Tread­ing in the foot­steps of Martin Melck

Weekend Argus (Saturday Edition) - - LIFE -

and com­pat­i­ble struc­ture and does no harm to the old build­ing”.

In a force­ful ar­gu­ment in 2011, Rashiq Fataar, founder of Fu­ture Cape Town, a web­site and so­cial me­dia plat­form pro­vok­ing de­bate about the fu­ture of the city, wrote: “It is clear to some that block­ing the de­vel­op­ment merely paci­fies the par­ties who were out­raged by the mere thought that old and new ar­chi­tec­ture can co-ex­ist. The real threat posed by the re­de­vel­op­ment pro­posal... may be to con­ser­va­tive mind­sets, rather than our her­itage”.

For the Au­goustides, the may­oral com­mit­tee’s ap­proval of the re­de­vel­op­ment of the block ear­lier this month – sub­ject to an ap­peal process now un­der way – will, they hope, bring fi­nal­ity to a costly, weary­ing on-and-off nine-year strug­gle to find a way of ex­er­cis­ing their busi­ness rights in a dis­tinctly pub­lic-spir­ited way... by restor­ing the re­main­ing his­toric fab­ric of the build­ing, and making it ac­ces­si­ble.

As Week­end Ar­gus re­ported a year ago, “At the heart of the own­ers’ con­tention is that the re­de­vel­op­ment of what was once a ware­house in the late 1780s will en­sure the preser­va­tion of the build­ing’s few re­main­ing au­then­tic fea­tures, re­store the look of the ex­te­rior of the build­ing to match its his­toric pre­de­ces­sor, and make it more ac­ces­si­ble and aes­thet­i­cally co­her­ent”.

In its lat­est en­dorse­ment , the Cen­tral City Im­prove­ment Dis­trict noted this month that “it en­sures that what will be pre­served, will be pre­served with dig­nity and pur­pose, and be­come part of a vi­brant build­ing that will once again have sig­nif­i­cance for Capeto­ni­ans”.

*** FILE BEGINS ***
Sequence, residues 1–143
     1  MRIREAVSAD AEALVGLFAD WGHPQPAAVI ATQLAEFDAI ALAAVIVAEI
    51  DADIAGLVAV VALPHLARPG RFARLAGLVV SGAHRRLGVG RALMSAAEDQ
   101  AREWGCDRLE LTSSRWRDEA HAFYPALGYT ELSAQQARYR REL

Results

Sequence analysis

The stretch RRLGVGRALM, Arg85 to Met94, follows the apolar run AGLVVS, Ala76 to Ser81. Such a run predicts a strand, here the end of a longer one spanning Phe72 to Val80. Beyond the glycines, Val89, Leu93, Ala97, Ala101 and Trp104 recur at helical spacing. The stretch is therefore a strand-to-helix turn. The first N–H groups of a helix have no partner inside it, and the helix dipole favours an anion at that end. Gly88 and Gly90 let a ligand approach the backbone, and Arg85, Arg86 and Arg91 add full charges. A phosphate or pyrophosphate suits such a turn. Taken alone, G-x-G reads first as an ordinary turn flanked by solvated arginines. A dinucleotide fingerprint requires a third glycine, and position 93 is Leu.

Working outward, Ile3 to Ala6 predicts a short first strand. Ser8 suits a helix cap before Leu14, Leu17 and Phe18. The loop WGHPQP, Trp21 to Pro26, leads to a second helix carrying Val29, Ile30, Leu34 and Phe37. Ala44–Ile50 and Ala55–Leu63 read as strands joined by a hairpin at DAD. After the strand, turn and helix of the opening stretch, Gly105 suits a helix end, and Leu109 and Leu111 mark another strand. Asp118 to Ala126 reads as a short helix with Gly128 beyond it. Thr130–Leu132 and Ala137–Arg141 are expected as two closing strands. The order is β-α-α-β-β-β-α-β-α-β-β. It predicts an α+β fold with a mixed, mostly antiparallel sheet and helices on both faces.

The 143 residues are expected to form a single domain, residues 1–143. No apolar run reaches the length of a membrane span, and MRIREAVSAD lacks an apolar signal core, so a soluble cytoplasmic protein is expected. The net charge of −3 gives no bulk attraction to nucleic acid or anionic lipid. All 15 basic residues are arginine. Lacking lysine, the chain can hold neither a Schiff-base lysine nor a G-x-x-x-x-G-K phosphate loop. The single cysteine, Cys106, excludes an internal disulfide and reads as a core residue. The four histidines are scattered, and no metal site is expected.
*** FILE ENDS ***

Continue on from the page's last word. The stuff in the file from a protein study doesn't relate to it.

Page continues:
The ware­house saga, as Rashiq Fataar has writ­ten, falls at the “cross­roads be­tween a brave new Cape Town and the sta­tus quo”.

Melck, were he around, would surely have recog­nised the essence of the chal­lenge – that cities grow and en­dure by en­ter­prise and change rather than by suc­cumb­ing to the sta­sis of nostal­gia.

Casey Au­goustides be­lieves their project is “a good ex­am­ple” of a co­op­er­a­tive pro­ce­dure. “If ev­ery­one (own­ers, ar­chi­tects, her­itage au­thor­i­ties and of­fi­cials) can all work closely to­gether like this, you can achieve a lot in pre­serv­ing the his­toric fab­ric while cre­at­ing at­trac­tive, vi­brant build­ings”.

For Fataar, the “jux­ta­po­si­tion of old and new ar­chi­tec­ture, struc­tures and styles plays a cru­cial role in strength­en­ing the her­itage, au­then­tic­ity and vis­ual di­ver­sity” of cities.

MUCH THE SAME: Church House in Queen Vic­to­ria Street is part of St Ge­orge’s Cathe­dral. It com­prises of­fices, once the head of­fice of the Arch­dio­cese, and a hall. The orig­i­nal cathe­dral build­ing dates back to 1830 – it was re­placed by the cur­rent cathe­dral in the early 20th cen­tury – but the Church House foun­da­tion stone was laid a cen­tury later, in 1931. The main dif­fer­ence is the ad­di­tion of the build­ing sell­ing sec­ond­hand books and bric-a-brac. Run by Pat El­lis with a team of what she calls ‘fab­u­lous vol­un­teers’, the shop raises R225 000 a year, which goes to the cathe­dral’s mu­sic fund, the cathe­dral fund, and char­ity. Be­tween the cathe­dral and Church House on the left of the pic­tures is what used to be St Ge­orge’s Gram­mar School, now in Mow­bray. The school now houses the cathe­dral labyrinth. The ‘then’ pic­ture comes from the web­site Down Mem­ory Lane, while Week­end Ar­gus pho­tog­ra­pher Leon Lestrade took the ‘now’ pic­ture this week.

Send in pic­tures of old Cape Town, with any date and back­ground in­for­ma­tion you have, to Box 56, Cape Town, 8000; to 122 St Ge­orge’s Mall, Cape Town, 8001; or to arg­pix@inl.co.za. Please mark them clearly for the Week­end Ar­gus Pic­ture Ed­i­tor – Then and Now. If you want your pic­ture back, please in­clude your ad­dress.

RE­NEWAL: An artist’s im­pres­sion of the re­de­vel­op­ment pro­posal for the Bree Street build­ing con­tain­ing rem­nants of an 18th cen­tury ware­house.

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